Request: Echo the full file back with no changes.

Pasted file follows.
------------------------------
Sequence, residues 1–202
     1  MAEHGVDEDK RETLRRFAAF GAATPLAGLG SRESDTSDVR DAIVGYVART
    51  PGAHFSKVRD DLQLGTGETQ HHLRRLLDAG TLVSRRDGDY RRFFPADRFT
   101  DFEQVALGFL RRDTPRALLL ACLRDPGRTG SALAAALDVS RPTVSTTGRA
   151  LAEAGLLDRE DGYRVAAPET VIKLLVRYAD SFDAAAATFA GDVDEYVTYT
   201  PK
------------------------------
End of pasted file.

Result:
Sequence, residues 1–202
     1  MAEHGVDEDK RETLRRFAAF GAATPLAGLG SRESDTSDVR DAIVGYVART
    51  PGAHFSKVRD DLQLGTGETQ HHLRRLLDAG TLVSRRDGDY RRFFPADRFT
   101  DFEQVALGFL RRDTPRALLL ACLRDPGRTG SALAAALDVS RPTVSTTGRA
   151  LAEAGLLDRE DGYRVAAPET VIKLLVRYAD SFDAAAATFA GDVDEYVTYT
   201  PK